Judge Michael T. Conahan

… one Nation, under God,

with Liberty and JUSTICE for All.


To report objections to the content of this Nomination, review MISSIONDeclaration of Truth.

Hall of Shame Nominee: JUDGE MICHAEL T. CONAHAN 

Note: This Administrator, with his Client, filed to IMPEACH Michael T. Conahan several years before the “Kids For Cash: scandal was revealed.  A “thug” is a Thug regardless of his wardrobe or “title”. 

The “kids for cash” scandal unfolded in 2008 over judicial kickbacks at the Luzerne County Court of Common Pleas in Wilkes-Barre, PA. Two judges, President Judge Mark Ciavarella and Senior Judge Michael Conahan, were convicted of accepting money from Robert Mericle, builder of two private, for-profit youth centers for the detention of juveniles, in return for contracting with the facilities and imposing harsh adjudications on juveniles brought before their courts to increase the number of residents in the centers.[1][2]

For example, Ciavarella adjudicated children to extended stays in youth centers for offenses as minimal as mocking a principal on Myspace, trespassing in a vacant building, or shoplifting DVDs from Walmart.[3]    Ciavarella and Conahan pled guilty on February 13, 2009, pursuant to a plea agreement, to federal charges of honest services fraud and conspiracy to defraud the United States (failing to report income to the Internal Revenue Service, known as tax evasion) in connection with receiving $2.6 million in payments from managers at PA Child Care in Pittston Township and its sister company Western PA Child Care in Butler County.[4][5] The plea agreement was later voided by a federal judge, who was dissatisfied with the post-plea conduct of the defendants, and the two judges charged subsequently withdrew their guilty pleas, raising the possibility of a criminal trial.[6]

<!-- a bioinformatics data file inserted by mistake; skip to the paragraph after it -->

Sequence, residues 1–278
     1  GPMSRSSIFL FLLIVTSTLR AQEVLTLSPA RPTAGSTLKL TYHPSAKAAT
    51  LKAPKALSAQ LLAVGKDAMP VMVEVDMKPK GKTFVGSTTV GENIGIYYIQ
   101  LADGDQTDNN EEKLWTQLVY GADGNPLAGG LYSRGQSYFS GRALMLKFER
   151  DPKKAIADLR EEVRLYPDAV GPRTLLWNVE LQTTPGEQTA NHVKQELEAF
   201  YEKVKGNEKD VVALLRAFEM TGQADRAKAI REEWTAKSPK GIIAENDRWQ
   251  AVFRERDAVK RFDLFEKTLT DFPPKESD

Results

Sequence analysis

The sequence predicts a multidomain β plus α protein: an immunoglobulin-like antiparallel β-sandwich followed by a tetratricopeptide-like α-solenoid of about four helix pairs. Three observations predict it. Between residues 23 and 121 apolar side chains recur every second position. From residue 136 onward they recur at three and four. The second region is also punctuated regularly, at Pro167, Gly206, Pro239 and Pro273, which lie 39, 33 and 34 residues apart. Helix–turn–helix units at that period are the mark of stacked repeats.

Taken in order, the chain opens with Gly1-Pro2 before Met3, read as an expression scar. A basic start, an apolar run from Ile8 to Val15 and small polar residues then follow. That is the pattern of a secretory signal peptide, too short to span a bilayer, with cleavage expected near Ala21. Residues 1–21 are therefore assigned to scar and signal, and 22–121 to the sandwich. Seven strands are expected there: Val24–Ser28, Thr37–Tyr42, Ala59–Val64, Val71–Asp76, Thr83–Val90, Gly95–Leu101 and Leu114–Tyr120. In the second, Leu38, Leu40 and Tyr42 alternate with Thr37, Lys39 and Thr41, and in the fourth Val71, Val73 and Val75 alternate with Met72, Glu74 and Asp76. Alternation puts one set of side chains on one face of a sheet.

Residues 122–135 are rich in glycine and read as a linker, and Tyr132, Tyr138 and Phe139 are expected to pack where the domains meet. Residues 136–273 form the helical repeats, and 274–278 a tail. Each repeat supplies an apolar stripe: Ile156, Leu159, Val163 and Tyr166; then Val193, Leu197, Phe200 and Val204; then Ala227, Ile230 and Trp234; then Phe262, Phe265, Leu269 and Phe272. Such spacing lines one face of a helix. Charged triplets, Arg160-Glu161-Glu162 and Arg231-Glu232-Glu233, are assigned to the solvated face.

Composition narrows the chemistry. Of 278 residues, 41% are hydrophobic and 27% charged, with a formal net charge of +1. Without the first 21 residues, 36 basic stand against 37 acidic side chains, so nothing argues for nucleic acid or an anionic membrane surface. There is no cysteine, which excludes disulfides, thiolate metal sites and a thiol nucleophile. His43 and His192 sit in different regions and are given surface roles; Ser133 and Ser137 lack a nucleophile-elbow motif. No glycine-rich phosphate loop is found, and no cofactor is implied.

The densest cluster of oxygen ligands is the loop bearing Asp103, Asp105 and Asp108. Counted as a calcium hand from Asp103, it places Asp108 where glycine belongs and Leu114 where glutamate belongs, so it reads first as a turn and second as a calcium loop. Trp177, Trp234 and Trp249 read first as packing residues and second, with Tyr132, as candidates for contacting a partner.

A federal grand jury in Harrisburg, Pennsylvania returned a 48-count indictment[7] against Ciavarella and Conahan including racketeering, fraud, money laundering, extortion, bribery, and federal tax violations on September 9, 2009.[8][9] Conahan entered a revised guilty plea to one count of racketeering conspiracy in July 2010.[10] In a verdict reached at the conclusion of a jury trial, Ciavarella was convicted February 18, 2011 on 12 of the 39 counts he faced.[11][12]

Following the original plea agreement, the Supreme Court of PA ordered an investigation of the cases handled by the judges and following its outcome overturned several hundred adjudications of delinquency in Luzerne County.[13] The Juvenile Law Center filed a class action lawsuit against the judges and numerous other parties, and the state legislature created a commission to investigate the wide-ranging juvenile justice problems in the county.[14][15] The Center has maintained a list of related court documents.[16]  


References [edit]

  1. Urbina, Ian (March 27, 2009). “Despite Red Flags, Judges Ran Kickback Scheme for Years”. New York Times. Retrieved 2009-05-02.
  2. Frank, Thomas (April 1, 2009). “Thomas Frank Says ‘Kids for Cash’ Incentivizes the Prison Industry”. Wall Street Journal. Retrieved 2009-08-25.
  3. Pennsylvania rocked by ‘jailing kids for cash’ scandal”.
  4. Urbina, Ian (February 26, 2009). “70 Youths Sue Former Judges in Detention Kickback Case”. New York Times. Retrieved 2009-08-25.
  5. Sisak, Michael (July 1, 2009). “Powell pleads guilty”. The Times-Trubine. Retrieved 2009-08-26.